Split within the Catholic Church lasting from 1378 to 1417 in which bishops residing in Rome and Avignon both claimed to be the true pope, and were joined by a third line of Pisan claimants in 1409.

Split within the Catholic Church lasting from 1378 to 1417 in which bishops residing in Rome and Avignon both claimed to be the true pope, and were joined by a third line of Pisan claimants in 1409.

A 14th-century miniature symbolizing the schism
Map showing support for Avignon (red) and Rome (blue) during the Western Schism; this breakdown is accurate until the Council of Pisa (1409), which created a third line of claimants.
Habemus Papam at the Council of Constance
Plaque commemorating the popes buried in St. Peter's. Alexanders VI, VII, and VIII are numbered as though the Pisan pope Alexander V were legitimate, but John XXIII (d. 1963) has reused the ordinal of the Pisan pope John XXIII.

On 8 April 1378, the cardinals elected Bartolomeo Prignano, the archbishop of Bari, as Pope Urban VI.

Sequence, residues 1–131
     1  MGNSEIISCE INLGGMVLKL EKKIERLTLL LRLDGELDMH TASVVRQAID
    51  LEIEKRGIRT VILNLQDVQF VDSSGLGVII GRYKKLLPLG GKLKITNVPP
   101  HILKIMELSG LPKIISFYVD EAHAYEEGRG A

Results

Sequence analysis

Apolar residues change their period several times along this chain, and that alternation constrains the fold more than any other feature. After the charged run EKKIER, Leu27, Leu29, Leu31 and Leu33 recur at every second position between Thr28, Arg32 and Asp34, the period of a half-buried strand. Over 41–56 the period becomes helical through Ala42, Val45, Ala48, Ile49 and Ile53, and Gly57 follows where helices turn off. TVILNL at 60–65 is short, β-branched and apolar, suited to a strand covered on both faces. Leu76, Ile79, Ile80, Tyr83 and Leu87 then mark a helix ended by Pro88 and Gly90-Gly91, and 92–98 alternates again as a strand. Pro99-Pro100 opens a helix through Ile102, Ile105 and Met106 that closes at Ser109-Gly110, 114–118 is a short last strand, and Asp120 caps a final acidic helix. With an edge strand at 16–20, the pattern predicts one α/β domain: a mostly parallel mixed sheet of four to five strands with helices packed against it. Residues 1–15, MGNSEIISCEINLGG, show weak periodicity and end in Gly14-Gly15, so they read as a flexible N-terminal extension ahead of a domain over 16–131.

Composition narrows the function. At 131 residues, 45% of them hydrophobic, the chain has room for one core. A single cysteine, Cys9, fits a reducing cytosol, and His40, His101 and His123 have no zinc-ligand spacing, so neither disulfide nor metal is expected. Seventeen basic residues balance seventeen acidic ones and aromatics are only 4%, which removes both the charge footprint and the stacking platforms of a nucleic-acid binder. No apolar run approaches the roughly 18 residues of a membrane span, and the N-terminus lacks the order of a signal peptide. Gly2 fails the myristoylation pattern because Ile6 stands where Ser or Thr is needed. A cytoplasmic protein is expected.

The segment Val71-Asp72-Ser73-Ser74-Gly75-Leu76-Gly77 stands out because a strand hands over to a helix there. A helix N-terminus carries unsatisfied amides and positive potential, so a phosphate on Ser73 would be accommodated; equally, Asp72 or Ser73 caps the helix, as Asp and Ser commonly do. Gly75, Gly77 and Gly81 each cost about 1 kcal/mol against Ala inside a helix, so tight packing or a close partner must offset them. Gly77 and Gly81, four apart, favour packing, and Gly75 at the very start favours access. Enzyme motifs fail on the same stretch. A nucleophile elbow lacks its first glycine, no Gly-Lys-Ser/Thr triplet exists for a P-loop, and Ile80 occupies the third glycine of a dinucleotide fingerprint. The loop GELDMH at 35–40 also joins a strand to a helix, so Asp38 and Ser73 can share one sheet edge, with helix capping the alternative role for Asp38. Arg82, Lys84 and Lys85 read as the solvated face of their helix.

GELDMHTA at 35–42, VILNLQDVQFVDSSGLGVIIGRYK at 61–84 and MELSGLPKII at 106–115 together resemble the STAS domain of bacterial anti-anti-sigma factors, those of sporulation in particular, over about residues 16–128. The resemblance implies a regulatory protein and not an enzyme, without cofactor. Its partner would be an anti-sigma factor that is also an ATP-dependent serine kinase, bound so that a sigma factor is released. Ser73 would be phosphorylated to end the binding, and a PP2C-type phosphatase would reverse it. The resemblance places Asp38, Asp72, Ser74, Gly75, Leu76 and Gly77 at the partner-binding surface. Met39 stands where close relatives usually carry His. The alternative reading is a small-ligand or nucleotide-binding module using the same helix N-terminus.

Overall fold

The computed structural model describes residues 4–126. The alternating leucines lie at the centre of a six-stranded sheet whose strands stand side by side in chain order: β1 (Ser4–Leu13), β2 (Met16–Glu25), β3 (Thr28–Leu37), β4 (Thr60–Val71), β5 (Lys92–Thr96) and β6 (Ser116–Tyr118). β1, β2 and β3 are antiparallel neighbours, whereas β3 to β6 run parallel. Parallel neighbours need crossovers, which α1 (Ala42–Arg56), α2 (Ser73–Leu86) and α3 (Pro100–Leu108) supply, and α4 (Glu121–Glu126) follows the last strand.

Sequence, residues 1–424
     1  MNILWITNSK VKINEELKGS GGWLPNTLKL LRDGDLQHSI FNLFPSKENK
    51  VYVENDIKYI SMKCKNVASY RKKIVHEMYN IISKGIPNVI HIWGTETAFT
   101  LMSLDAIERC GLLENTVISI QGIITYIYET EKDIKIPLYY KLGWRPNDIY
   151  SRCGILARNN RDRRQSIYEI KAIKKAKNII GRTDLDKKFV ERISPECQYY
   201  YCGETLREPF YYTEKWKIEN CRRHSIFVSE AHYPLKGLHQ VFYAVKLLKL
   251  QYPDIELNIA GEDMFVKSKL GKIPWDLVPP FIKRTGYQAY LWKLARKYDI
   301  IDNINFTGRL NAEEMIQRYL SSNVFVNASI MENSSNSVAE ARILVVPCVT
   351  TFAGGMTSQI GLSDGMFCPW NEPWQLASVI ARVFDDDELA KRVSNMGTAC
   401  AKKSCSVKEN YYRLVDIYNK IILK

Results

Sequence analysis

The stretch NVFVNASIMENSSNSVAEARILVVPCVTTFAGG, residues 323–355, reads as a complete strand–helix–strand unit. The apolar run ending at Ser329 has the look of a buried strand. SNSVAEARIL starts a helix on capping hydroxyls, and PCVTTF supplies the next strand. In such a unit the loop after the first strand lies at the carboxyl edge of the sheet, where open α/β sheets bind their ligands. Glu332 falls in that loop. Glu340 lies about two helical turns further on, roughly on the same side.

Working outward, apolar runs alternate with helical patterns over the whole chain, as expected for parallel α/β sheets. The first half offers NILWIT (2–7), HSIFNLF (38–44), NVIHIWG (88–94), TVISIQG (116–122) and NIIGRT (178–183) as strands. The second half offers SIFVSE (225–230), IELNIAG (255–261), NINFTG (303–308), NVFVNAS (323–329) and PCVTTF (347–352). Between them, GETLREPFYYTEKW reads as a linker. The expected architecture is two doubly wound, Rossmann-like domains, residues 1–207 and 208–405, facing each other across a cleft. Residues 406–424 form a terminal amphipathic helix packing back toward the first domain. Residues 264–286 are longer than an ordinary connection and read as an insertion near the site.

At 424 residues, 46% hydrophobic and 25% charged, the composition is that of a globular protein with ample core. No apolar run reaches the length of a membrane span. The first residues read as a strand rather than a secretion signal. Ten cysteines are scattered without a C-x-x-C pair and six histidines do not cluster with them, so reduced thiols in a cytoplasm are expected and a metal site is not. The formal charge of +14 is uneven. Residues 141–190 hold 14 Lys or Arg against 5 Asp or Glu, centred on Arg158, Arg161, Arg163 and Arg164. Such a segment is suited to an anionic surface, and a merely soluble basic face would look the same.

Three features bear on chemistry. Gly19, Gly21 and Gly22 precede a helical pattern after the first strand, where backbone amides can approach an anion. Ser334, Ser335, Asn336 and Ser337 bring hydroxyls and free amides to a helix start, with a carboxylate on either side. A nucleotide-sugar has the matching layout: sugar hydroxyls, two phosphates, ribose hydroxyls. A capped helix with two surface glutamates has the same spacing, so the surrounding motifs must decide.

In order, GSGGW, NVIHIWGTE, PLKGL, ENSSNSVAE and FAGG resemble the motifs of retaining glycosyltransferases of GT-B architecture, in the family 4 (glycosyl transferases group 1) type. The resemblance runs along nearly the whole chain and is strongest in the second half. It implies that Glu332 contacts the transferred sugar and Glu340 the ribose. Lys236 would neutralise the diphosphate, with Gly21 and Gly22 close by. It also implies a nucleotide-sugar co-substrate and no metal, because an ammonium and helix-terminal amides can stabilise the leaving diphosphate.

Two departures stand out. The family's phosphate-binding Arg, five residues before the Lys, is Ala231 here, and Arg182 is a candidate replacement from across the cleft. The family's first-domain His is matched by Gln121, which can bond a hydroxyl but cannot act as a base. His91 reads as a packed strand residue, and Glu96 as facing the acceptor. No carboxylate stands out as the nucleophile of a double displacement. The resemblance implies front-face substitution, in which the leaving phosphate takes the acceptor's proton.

Hagia Sophia, the cathedral of Constantinople at the time of the schism

East–West Schism

Break of communion since 1054 between the Roman Catholic and Eastern Orthodox churches.

Break of communion since 1054 between the Roman Catholic and Eastern Orthodox churches.

Hagia Sophia, the cathedral of Constantinople at the time of the schism
Icon depicting the Emperor Constantine (centre) and the bishops of the First Council of Nicaea (325) holding the Niceno–Constantinopolitan Creed of 381
Changes in the extent of the Empire ruled from Constantinople.
476 End of the Western Empire; 550 Conquests of Justinian I; 717 Accession of Leo the Isaurian; 867 Accession of Basil I; 1025 Death of Basil II; 1095 Eve of the First Crusade; 1170 Under Manuel I; 1270 Under Michael VIII Palaiologos; 1400 Before the fall of Constantinople

These two letters were entrusted to a delegation of three legates, headed by the undiplomatic cardinal Humbert of Silva Candida, and also including Frederick of Lorraine, who was papal secretary and Cardinal-Deacon of Santa Maria in Domnica, and Peter, Archbishop of Amalfi.